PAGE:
Small Blue – our smallest butterfly
When I saw my first Small Blue Cupido minimus I was surprised at just how tiny it is. The wingspan of our smallest butterfly can be as little as 16mm, so it’s well named. It’s rare though, being no more than locally common even in its strongholds of Gloucestershire, Wiltshire, Dorset and the Isle of Wight. Here in Wiltshire up on Morgan’s Hill I’ve only come across it in one sheltered spot and even there it’s largely confined to the base of one steep bank.
But then it’s a very colonial butterfly. Typical colonies contain perhaps just 30 adults or so and breed in the same patch for generation after generation. Larger colonies do occur of course – one large wildlife reserve I visited last May had good numbers, many hundreds in fact, but sites like that should be regarded as the exception rather than the rule.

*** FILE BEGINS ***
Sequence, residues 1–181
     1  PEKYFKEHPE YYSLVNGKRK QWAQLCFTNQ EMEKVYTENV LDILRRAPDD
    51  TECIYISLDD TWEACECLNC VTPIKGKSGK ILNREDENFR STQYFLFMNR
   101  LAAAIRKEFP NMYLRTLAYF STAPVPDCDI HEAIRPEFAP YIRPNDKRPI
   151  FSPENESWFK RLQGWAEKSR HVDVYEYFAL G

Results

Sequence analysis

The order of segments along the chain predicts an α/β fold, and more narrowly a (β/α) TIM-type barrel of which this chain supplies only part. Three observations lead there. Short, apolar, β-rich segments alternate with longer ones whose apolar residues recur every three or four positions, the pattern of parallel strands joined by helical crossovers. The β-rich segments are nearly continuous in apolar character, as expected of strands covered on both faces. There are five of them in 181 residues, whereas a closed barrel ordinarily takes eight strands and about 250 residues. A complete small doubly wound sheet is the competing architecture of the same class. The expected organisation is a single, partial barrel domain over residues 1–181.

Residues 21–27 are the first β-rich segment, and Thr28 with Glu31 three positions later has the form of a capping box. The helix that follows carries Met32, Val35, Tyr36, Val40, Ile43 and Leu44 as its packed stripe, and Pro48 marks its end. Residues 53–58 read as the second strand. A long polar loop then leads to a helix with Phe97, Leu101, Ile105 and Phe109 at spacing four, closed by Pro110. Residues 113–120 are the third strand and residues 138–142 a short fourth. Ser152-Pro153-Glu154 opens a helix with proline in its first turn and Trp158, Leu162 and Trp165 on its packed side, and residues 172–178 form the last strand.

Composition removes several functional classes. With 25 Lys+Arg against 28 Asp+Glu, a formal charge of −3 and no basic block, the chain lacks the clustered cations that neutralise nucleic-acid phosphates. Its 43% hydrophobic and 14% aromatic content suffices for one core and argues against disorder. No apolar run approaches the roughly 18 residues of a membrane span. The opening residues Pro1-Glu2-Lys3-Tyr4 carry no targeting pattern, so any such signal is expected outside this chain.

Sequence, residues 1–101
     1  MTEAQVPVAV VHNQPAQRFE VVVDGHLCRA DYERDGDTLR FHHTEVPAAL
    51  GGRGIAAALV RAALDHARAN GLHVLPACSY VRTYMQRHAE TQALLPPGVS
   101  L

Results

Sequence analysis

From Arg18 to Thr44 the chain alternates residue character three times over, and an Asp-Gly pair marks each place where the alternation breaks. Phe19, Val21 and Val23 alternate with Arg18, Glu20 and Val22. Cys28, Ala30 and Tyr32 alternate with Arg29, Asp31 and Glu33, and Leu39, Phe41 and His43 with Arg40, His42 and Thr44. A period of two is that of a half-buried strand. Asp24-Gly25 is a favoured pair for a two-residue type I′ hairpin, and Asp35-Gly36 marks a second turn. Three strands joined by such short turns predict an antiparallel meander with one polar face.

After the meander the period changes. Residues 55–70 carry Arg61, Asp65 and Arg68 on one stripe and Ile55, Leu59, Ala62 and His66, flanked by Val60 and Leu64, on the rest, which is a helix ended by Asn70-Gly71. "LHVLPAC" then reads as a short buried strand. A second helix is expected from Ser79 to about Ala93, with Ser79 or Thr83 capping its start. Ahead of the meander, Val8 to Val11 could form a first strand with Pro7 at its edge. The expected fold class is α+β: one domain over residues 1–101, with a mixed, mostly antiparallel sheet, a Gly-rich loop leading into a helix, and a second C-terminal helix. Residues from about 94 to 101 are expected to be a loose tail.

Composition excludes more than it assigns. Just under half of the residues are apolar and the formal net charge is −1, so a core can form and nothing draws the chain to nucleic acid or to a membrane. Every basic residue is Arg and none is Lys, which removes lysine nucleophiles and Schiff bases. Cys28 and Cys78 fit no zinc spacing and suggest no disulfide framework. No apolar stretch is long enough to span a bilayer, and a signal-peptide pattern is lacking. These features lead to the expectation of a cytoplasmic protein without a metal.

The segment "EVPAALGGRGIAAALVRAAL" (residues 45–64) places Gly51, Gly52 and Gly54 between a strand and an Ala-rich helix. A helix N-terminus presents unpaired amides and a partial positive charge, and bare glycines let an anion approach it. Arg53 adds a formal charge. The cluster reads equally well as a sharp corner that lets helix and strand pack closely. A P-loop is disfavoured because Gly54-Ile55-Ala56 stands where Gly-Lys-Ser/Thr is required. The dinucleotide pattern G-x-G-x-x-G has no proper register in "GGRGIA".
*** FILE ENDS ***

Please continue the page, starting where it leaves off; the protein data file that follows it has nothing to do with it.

The males like the one pictured above spend much of the day sunning themselves with their wings half or fully open. Perched on low vegetation they wait for passing females to intercept making them relatively easy to photograph if you can get close enough. After mating the females leave the males to feed and lay eggs on the host food plant, the yellow flowering Kidney Vetch.
The male is a smoky-greyish browny black with a scattering of petrol blue scales at the base of the forewings. Whilst the underside is a silvery-blue, peppered with black spots. The female is similar but has no blue on the forewings.